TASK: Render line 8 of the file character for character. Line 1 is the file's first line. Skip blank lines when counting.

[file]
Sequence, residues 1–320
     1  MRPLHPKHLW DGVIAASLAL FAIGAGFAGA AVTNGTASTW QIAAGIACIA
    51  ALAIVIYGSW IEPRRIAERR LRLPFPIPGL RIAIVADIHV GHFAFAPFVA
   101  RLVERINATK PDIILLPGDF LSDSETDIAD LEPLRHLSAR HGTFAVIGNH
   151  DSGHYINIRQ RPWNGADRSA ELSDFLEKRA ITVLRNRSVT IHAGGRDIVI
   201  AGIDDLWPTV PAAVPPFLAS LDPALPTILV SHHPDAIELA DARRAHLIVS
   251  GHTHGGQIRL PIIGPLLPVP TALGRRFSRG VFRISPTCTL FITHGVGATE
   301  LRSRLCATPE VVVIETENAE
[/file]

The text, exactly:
   301  LRSRLCATPE VVVIETENAE